This research was supported, in part, by a VA Clinical Science Research and Development (CSR&D) Career Development Award–2 (Bonn-Miller) and Health Services Research and Development Service funds (Babson). The expressed views do not necessarily represent those of the Department of Veterans Affairs.
The Impact of Exercise on Suicide Risk: Examining Pathways through Depression, PTSD, and Sleep in an Inpatient Sample of Veterans
Article first published online: 25 JAN 2013
© 2013 The American Association of Suicidology
Suicide and Life-Threatening Behavior
Volume 43, Issue 3, pages 279–289, June 2013
How to Cite
Davidson, C. L., Babson, K. A., Bonn-Miller, M. O., Souter, T. and Vannoy, S. (2013), The Impact of Exercise on Suicide Risk: Examining Pathways through Depression, PTSD, and Sleep in an Inpatient Sample of Veterans. Suicide and Life-Threat Behavi, 43: 279–289. doi: 10.1111/sltb.12014
- Issue published online: 10 JUN 2013
- Article first published online: 25 JAN 2013
- Manuscript Accepted: 14 NOV 2012
- Manuscript Received: 10 NOV 2012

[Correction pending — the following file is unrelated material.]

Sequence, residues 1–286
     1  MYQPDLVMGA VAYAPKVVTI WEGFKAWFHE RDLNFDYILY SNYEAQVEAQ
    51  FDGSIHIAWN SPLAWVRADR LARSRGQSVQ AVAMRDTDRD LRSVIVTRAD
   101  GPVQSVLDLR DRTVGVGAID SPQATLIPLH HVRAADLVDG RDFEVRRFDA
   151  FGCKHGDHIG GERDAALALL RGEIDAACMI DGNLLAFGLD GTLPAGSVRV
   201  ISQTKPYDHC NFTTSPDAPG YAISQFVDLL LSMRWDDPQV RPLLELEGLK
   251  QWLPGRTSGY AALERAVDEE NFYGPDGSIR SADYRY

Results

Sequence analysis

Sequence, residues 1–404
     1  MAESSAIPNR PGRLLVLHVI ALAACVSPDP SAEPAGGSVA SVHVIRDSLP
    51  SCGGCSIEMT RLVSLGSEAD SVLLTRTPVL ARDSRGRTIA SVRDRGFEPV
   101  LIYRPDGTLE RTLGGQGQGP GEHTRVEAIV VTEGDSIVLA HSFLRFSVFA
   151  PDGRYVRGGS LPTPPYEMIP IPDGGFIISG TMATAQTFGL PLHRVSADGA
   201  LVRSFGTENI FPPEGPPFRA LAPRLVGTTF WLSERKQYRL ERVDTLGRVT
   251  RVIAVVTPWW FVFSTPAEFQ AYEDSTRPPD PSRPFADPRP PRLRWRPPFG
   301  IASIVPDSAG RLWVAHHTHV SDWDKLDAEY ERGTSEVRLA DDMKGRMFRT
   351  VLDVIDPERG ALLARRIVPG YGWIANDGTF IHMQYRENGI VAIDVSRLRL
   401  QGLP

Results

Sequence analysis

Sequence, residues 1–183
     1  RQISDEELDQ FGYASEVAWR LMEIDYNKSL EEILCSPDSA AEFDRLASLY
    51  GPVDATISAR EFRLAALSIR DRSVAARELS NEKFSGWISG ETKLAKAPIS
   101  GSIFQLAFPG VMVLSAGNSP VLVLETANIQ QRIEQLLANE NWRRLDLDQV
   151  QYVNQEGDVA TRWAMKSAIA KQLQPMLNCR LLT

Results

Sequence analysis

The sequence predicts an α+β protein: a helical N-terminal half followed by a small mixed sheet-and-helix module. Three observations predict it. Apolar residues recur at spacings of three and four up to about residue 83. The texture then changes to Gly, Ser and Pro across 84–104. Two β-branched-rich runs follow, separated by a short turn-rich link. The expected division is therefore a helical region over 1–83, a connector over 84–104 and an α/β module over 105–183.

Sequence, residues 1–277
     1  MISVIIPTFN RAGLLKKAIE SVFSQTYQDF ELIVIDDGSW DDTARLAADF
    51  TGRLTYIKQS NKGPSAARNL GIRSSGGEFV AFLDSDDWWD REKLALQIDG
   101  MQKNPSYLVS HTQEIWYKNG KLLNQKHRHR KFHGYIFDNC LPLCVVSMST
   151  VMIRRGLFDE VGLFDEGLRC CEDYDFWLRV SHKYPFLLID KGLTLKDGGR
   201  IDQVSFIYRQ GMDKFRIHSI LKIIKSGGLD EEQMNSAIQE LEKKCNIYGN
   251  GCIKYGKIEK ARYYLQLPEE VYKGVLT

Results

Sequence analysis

Suicide has a large public health impact. Although effective interventions exist, the many people at risk for suicide cannot access these interventions. Exercise interventions hold promise in terms of reducing suicide because of their ease of implementation. While exercise reduces depression, and reductions in depressive symptoms are linked to reduced suicidal ideation, no studies have directly linked exercise and suicide risk. The current study examined this association, including potential mediators (i.e., sleep disturbance, posttraumatic stress symptoms, and depression), in a sample of Veterans. SEM analyses revealed that exercise was directly and indirectly associated with suicide risk. Additionally, exercise was associated with fewer depressive symptoms and better sleep patterns, each of which was, in turn, related to lower suicide risk.